DOVER, Del. (AP) - Mike Tatoian remembers when Dover’s first NASCAR race of the season was canceled.
While it was difficult news, the president and CEO of Dover International Speedway knew there was still an August race slated for the Monster Mile.
At the time, Tatoian remembers not being overly worried about that weekend being affected by the coronavirus pandemic.
“We thought, of course, the August race, that’s going to be safe,” he said. “Well, as time draws on, it’s like, OK, this thing is lingering for a while.”
Indeed, there really are no certainties in the sports world right now.
But NASCAR is going to try to bring some normalcy back to sports when it holds a Cup Series race at Darlington on Sunday at 3:30 p.m. It’s the first of four Cup races being run at Darlington and Charlotte in the next eight days.
There will also be a pair of Xfinity races and a truck event held in the same span.
All the events will be held without fans in attendance to try to limit the spread of the virus.
As the first major sporting event held in the U.S. since everything was shut down by the pandemic, the races are expected to receive a great deal of scrutiny - even from outside the racing world.
With another race weekend on tap, Dover officials will naturally be watching closely, too.
“I think it’s great for the sport,” said Tatoian. “I think the country needs it. And I think all eyes will be on the events this weekend. There are so many different reasons why it’s important we get off to a great start. I think we’re going to be catching eyeballs that otherwise wouldn’t normally be watching.
“It’s a major sport cranking it back up again and getting the country back on track. … There will be a lot of scrutiny from a lot of different perspectives looking to see how we’re doing it. We’re all rooting for a great restart.”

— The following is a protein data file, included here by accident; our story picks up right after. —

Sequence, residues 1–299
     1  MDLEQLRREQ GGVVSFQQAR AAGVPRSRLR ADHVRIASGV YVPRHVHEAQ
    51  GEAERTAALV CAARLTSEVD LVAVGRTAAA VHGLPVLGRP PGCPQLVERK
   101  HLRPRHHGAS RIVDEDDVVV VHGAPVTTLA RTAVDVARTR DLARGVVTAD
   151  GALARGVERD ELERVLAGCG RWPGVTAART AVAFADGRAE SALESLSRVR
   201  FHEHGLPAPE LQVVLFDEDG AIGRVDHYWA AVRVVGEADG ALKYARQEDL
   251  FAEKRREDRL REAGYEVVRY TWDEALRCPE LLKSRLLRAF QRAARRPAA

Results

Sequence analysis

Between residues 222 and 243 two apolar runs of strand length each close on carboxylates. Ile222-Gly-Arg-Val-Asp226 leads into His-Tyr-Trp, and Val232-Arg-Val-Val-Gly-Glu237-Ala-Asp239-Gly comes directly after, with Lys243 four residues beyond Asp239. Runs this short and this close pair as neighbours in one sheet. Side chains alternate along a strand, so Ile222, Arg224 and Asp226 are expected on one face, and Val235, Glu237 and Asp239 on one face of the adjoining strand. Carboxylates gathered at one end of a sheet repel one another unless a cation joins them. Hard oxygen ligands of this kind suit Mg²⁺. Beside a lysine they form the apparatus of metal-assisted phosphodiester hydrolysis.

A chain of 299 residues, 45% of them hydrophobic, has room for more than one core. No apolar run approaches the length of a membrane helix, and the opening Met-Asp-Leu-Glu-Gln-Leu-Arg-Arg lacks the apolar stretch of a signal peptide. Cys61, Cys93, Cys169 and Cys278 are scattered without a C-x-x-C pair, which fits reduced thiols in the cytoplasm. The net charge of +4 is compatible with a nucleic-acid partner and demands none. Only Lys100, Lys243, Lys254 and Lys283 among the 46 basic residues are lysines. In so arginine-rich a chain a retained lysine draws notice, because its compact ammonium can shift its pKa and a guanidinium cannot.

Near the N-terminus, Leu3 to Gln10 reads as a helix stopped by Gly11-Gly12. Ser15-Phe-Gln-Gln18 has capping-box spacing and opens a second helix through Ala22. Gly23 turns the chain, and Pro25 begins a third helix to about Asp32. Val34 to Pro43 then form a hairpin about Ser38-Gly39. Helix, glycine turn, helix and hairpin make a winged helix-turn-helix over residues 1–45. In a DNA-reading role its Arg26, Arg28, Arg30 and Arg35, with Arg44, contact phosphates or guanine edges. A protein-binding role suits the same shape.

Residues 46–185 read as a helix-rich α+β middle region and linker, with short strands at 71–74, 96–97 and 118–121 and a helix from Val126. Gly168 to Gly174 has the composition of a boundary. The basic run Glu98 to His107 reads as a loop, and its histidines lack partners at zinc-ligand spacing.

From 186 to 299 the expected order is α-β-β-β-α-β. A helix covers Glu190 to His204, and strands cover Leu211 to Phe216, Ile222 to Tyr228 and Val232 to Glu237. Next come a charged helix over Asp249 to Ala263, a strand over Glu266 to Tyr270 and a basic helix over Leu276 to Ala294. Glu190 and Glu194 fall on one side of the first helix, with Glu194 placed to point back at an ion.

Dover International Speedway officials are planning as if fans will be able to attend the August race.
Tatoian was quick to point out that it was not solely NASCAR’s decision to start racing again. Health officials from both North and South Carolina were also involved among many others.
The biggest issue, of course, is preventing any new outbreaks of the virus with the gathering of large groups of people needed to hold a race.
“We won’t know until it actually gets executed, but what they have put in place is excellent,” said Tatoian. “We’re going to get better and better and more refined as we go. And the country and the world is going to learn more.”
If the Monster Mile was the venue hosting a race this weekend, Tatoian said Dover track officials would know the steps they’d need to take to keep everyone safe.
But, naturally, the more experience NASCAR gets in holding races between now and August, the better off everyone will be.
For now, Dover will continue to plan its race weekend as if fans will be allowed to attend. The Monster Mile is slated to host its next race weekend on Aug. 21-23.
The date had already been moved up from its usual fall weekend well before the pandemic struck.
Tatoian said preparing to have fans at the Dover race is “not just kind of a hope and a prayer.”
“It really is how we have to prepare,” he said. “We can’t take the attitude of, ‘Well, there’s no chance we’re going to have fans,’ and then all of a sudden, we do have the ability to host fans and we’re not prepared for it.”
Of course, Dover would rather host its weekend with fans on hand. Tatoian, though, said a TV-only event is better than none at all.
The benefits start with revenue from the broadcast itself and include sponsors having their brand shown on TV.
“It’s important for us to run the race and have it on television,” said Tatoian. “Our fans are incredibly passionate. We’d love to host them. But we won’t do it at the sacrifice of their safety.
“Having races without fans is far, far better than not having them at all,” he added.
Given the current situation, the three months between now and the Dover race is an eternity. Any number of factors between now and then could change things.
At the same time, the road to getting back to normal starts this weekend. While only one track is hosting Sunday’s race, every NASCAR venue has a stake in it.
“It’s a close-knit fraternity from the standpoint of best practices,” said Tatoian. “Here’s what we learned from that event. For sure, that will get shared with all the tracks. We’ll want to learn.
“We’re all rooting for one another,” he added. “We’re all in this together.”
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